TimeLine’s initial intention was to combine old with new, building on the vacant land and connecting the new structure into a renovated existing building, which was built by W.C. Reebie & Brother, a moving and storage company, as a storage facility in the early 1910s (the company, now known as Reebie Storage & Moving Co., still operates today at 2325 N. Clark). With our mission of exploring history and connecting it to today, we were excited by the opportunity to give new life to an older building, infusing it with modern amenities and renewed creativity. However, several barriers to this intention arose at various stages in the design process.
Initial design sketches imagined a new, glass-fronted building structure on the vacant lot at 5033 N. Broadway, providing a grand and inviting entrance with free-span space for our 250-seat theatre and accessible connections to renovated spaces in the existing warehouse building. This plan was changed when the CTA took control of the south lot to facilitate construction of the new “L” stop at Argyle, as part of the CTA Red Purple Line Modernization Project; their rights to the land last until 2026.
Once the vacant lot was no longer available, we endeavored to relocate the main theatre behind the existing building and to examine how we might extensively renovate the existing building structure to achieve our design and operating goals. As that process progressed and extensive structural evaluation studies were conducted, the team learned, with great disappointment, that the building’s structural capacity would be unable to satisfy structural code requirements. Correcting structural deficiencies would add significant loading to the existing structure and greatly minimize floor to ceiling heights that are already challenged.
In addition, the results of a comprehensive façade evaluation identified the need to rebuild a significant portion of the existing façade and roof parapet due to deterioration caused by water infiltration. Finally, soil conditions dictated a requirement for a new caisson foundation system to accommodate structural loading required by the new design. Collectively, the structural challenges clarified a need to revise the design plans.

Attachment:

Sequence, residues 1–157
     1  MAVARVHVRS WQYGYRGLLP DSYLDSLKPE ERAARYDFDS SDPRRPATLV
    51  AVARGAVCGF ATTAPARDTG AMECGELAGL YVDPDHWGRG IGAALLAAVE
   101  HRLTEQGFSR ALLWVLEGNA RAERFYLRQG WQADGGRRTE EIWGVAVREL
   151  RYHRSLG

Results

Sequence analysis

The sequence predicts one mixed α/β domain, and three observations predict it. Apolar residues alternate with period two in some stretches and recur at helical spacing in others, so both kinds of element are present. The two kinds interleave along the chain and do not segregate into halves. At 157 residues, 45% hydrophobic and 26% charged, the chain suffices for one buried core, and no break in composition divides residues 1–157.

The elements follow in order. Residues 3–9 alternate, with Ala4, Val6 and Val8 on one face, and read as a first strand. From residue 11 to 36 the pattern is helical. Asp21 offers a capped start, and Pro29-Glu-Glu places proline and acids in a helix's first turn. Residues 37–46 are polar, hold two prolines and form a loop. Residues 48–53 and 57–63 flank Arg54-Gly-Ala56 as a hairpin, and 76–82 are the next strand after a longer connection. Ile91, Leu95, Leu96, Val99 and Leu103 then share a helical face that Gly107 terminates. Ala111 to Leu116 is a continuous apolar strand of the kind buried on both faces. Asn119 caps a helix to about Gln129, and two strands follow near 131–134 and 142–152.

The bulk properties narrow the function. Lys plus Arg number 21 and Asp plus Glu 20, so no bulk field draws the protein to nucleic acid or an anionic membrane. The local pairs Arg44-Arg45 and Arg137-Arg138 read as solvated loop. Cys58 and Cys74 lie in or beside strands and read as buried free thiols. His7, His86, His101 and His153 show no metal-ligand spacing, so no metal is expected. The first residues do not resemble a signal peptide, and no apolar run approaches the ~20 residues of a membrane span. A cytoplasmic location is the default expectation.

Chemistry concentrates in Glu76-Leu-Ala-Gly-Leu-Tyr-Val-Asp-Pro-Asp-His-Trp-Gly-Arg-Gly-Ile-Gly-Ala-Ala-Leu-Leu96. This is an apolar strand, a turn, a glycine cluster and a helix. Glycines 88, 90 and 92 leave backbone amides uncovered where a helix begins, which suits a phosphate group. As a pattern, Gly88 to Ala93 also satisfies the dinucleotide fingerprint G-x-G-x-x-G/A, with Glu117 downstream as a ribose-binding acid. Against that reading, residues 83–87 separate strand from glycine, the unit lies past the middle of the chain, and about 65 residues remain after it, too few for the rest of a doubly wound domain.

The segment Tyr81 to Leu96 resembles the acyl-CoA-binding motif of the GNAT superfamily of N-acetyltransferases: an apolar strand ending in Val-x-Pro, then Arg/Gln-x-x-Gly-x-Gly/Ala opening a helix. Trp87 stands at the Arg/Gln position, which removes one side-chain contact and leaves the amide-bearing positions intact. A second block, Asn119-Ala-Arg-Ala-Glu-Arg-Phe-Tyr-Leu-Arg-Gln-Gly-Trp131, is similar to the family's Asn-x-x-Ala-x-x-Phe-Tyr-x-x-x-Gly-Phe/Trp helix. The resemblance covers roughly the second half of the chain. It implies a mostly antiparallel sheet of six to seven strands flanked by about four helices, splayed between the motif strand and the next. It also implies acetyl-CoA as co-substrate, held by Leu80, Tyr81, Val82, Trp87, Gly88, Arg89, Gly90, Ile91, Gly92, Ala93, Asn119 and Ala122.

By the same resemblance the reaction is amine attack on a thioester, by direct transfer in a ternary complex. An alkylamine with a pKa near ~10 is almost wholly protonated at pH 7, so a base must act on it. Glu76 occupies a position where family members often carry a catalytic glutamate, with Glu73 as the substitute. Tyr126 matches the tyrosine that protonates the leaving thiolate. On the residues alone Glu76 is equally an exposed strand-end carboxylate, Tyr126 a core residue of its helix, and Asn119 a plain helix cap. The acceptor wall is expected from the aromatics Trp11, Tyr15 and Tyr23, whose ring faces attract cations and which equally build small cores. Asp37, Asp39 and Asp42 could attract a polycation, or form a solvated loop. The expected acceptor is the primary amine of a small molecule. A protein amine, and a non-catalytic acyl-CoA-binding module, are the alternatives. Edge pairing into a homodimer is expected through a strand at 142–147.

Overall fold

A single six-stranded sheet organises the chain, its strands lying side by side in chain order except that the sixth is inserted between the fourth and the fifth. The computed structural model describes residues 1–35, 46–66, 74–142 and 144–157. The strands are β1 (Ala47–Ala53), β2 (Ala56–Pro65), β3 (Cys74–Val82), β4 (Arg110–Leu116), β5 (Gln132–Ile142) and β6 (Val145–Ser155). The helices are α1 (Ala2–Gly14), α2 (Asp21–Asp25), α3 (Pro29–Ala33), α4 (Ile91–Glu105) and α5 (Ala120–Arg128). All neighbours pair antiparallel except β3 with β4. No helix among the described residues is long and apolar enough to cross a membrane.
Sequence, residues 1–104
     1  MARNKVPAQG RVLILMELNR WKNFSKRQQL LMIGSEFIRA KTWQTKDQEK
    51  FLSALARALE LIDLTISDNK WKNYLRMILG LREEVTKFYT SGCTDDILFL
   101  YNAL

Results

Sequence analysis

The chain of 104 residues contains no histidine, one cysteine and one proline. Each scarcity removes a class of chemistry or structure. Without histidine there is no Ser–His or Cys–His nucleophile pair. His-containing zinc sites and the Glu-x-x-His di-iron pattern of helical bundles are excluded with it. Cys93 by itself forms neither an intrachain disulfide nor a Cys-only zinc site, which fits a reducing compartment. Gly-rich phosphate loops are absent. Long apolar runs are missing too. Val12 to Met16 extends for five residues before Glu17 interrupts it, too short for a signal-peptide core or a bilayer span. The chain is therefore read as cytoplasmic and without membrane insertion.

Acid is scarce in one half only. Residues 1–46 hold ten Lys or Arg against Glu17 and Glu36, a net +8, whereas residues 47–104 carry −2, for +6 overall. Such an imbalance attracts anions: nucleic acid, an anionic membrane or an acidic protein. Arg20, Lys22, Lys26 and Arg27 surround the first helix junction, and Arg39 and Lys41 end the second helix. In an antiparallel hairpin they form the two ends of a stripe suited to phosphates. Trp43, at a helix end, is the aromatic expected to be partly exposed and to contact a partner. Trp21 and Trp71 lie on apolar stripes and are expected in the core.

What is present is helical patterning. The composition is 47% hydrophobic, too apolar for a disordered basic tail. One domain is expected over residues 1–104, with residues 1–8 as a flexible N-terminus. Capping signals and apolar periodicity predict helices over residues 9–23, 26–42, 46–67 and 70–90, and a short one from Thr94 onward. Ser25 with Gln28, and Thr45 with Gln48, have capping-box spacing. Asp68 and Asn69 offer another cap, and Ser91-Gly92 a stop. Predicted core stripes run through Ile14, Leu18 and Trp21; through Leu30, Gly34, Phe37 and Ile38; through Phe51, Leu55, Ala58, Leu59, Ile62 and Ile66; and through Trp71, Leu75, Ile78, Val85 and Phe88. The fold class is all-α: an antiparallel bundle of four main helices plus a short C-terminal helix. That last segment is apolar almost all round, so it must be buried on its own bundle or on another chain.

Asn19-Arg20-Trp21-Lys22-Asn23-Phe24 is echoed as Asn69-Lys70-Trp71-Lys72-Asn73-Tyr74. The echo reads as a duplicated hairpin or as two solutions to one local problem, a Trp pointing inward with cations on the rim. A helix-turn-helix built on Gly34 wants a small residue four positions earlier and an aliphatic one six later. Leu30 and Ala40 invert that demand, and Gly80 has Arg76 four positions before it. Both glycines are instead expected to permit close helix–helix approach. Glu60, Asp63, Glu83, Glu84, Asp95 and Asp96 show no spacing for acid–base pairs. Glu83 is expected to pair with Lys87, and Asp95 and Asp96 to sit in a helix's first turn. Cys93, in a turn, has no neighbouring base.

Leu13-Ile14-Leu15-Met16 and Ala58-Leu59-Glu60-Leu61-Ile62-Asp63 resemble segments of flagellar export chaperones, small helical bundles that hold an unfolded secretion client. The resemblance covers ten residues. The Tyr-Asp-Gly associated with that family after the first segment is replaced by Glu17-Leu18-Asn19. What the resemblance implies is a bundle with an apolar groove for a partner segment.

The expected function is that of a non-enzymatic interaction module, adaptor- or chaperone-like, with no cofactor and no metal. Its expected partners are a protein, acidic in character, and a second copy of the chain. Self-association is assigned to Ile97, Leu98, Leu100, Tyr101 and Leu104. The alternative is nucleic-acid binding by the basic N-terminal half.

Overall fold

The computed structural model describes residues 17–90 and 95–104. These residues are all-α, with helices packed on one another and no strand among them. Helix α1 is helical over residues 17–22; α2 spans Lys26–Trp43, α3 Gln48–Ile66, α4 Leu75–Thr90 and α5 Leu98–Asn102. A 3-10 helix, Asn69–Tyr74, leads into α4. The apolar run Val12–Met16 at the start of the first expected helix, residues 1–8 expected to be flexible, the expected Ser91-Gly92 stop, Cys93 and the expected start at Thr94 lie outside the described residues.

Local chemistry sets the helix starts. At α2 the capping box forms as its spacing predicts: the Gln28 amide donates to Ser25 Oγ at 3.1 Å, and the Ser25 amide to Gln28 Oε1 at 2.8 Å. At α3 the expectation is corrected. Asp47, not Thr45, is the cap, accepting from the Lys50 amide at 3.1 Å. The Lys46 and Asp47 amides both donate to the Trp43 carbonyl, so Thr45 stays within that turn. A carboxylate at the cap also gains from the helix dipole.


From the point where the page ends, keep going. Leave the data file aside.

TimeLine’s collaborators got to work again—resulting in a thrilling new design that replaces the existing original west building facing Broadway with new construction. It fulfills our guiding design principles for an open, inviting space, while retaining the original east building for production operations and office space. To honor the history of the original building, we plan to recognize it in various ways, including through one of our renowned historical exhibits that will be on permanent public view.
Our engagement with HGA has been everything we hoped for and more. They have been ideal collaborators—responding to every idea, inspiration, and challenge during the process with deep insight, impressive problem-solving, and boundless creativity. And they’ve delivered a design that fulfills our dreams and much more. — Artistic Director PJ Powers
TimeLine is in the process of obtaining needed zoning approvals to move the project forward. Once the zoning approvals are approved by the Chicago City Council and the design development process is completed, the next step is to develop construction documents in preparation for selecting a contractor for the project. Securing building permits, groundbreaking, and construction will follow. At this time, the anticipated opening date for the building is early 2024. In the meantime, TimeLine will continue to maintain our operations in Lakeview East.
One of the foundational pillars of TimeLine’s new home project is a desire to embrace the Uptown community. Being a good neighbor; partnering with local businesses, organizations, and schools; and honoring the legacy of Uptown’s historic Entertainment District are key goals.